10 ways to land the best employees
Everyone wants to find their dream employee: someone who works hard, exudes positive energy, and brings great ideas to the table.
But landing these types of employees requires more effort than simply posting a job description, especially for small businesses that may not have the same resources as larger companies.
If you're committed to hiring top-notch people for your business, you may need to step up your recruiting strategy. Here are 10 tips for hiring (and keeping) the best employees:
1. Invest in a thorough recruiting process.
You might feel rushed to fill a position, but finding the best fit can take a lot of time. If you're looking for quality candidates, you'll need to develop an in-depth recruiting process that includes dedicated hiring managers, a referral program, using a variety of job listing sites, and even looking at your competitors for potential candidates.
2. Emphasize your unique company culture.
Although you may not be able to offer amazing perks yet, you still have something promising to offer: a tight-knit company culture with high growth potential. Be sure to reiterate what makes your company a great place to work, whether it's an extremely collaborative environment or the potential to move up quickly.
3. Offer a well-rounded benefits package.
Even if you're a small business worried about revenue, you still need to invest in employee benefits like health insurance and retirement plans. Many candidates will consider it a deal breaker if you don't. Since there are so many policies to choose from, you'll want to learn as much as possible about them. You may even want to reach out to an expert to help you with this process.
4. Provide excellent training and support.
The onboarding process is crucial. Remember that there's always a learning curve, and the first few weeks of training are pivotal and can actually save you time in the long run. Provide materials, set up one-on-one or small training sessions, and walk new employees through your processes. Also, don't hesitate to answer any questions they may have.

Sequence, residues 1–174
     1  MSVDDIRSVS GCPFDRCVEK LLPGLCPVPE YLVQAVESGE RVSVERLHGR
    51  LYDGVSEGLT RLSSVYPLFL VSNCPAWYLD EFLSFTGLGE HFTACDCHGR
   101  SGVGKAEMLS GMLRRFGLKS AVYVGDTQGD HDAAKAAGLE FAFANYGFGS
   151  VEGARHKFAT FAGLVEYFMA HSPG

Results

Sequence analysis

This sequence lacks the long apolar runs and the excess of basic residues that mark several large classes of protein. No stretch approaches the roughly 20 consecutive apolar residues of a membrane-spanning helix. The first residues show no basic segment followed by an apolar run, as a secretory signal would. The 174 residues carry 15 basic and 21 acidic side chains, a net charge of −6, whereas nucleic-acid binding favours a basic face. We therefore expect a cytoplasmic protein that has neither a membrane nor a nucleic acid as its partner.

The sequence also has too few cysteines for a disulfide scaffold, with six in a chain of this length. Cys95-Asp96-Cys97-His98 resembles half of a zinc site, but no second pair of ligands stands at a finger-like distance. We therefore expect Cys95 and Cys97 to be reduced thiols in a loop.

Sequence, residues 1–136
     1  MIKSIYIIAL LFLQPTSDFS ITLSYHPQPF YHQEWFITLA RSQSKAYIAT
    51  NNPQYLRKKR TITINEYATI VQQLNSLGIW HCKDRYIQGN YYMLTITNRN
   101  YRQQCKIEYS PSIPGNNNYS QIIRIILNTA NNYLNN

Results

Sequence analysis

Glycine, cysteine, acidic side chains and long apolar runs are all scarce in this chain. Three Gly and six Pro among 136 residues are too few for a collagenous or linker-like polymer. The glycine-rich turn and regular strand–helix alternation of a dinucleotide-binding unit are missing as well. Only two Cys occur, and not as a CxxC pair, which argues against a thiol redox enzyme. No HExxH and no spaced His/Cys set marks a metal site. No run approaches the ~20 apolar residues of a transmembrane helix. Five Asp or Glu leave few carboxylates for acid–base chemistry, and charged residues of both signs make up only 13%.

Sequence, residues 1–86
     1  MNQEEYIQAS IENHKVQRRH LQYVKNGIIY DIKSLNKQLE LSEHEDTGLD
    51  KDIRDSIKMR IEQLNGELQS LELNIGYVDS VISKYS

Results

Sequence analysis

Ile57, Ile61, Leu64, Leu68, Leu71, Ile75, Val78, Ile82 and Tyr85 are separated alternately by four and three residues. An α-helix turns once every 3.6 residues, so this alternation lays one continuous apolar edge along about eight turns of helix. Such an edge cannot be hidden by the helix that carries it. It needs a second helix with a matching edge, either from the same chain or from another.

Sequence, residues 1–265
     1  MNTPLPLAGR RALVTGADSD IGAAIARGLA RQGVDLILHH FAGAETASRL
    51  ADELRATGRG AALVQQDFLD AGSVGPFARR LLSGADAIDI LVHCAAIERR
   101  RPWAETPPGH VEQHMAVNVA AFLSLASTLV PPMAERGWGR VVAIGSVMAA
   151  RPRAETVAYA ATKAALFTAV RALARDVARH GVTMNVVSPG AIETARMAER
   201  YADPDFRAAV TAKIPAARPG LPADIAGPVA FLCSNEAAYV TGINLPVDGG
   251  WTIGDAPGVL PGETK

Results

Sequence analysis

5. Empower them to succeed.
There's nothing worse than a manager who doesn't believe you can actually do your job well. Tim Berry, founder and chairman of Palo Alto Software, was able to grow his company from zero to 35 people by giving employees good salaries, excellent healthcare, and the freedom and independence to do their jobs.
"The clincher was a culture that had people empowered by their own jobs without a lot of detailed micromanagement, which matters a lot when it's a job they relate to and believe in," he says.
6. Be honest about the role.
The bait-and-switch tactic rarely ever works. Never make false promises about the position; you'll only set up the candidate (and ultimately yourself) for disappointment. Be truthful about what the role requires, whether it's grueling hours or dozens of business trips a year. By laying out the nitty-gritty details about the position, you can filter out candidates who aren't truly a fit for the role.
7. Make your website amazing.
Is your company's website accessible, fun, and easy to navigate? Does it give people a general idea of what it would be like to work there? If not, you may want to spend some time revamping your website, particularly the careers section. Many small businesses have sections describing their team members - it's always nice for candidates to see who they would be working with.
8. Give them some flexibility.
Many small businesses allow employees to work remotely as needed and have flexible hours, and this can be a huge draw for candidates. This freedom is often viewed as an advantage over large corporations, which often require everyone to just clock in and clock out. By giving your team a bit of wiggle room, you're sending the message that you trust them to manage their own time efficiently.
9. Spruce up the office.
First impressions matter - and that includes the one candidates have of your office space. If it's drab, messy, or sterile, candidates might be turned off by the environment and not want to work there. That's why you need to make the office look like a fun, inviting place to work. You could give the walls a fresh coat of paint, adjust the lighting, put up artwork, buy fresh flowers, and enforce a strict clean-up-after-yourself policy.
10. Make sure your existing employees are happy.
While you're courting new candidates, don't neglect your existing employees. A high turnover rate is always a bad sign, and new employees will see it as a red flag. Compensate your employees fairly, create room for growth, and praise them for their efforts. Boosting morale will make your company a more attractive place to work.
This post is sponsored by State Farm.
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